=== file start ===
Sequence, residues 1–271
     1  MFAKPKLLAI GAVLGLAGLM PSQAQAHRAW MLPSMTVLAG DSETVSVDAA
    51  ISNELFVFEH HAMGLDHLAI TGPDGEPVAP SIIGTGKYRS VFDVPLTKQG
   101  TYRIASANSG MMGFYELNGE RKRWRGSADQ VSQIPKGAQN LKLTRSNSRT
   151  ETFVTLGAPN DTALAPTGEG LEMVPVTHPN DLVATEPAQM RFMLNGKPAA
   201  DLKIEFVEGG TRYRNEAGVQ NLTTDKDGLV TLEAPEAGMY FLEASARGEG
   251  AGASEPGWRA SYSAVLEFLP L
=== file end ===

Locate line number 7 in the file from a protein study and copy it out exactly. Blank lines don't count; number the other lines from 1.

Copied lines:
   251  AGASEPGWRA SYSAVLEFLP L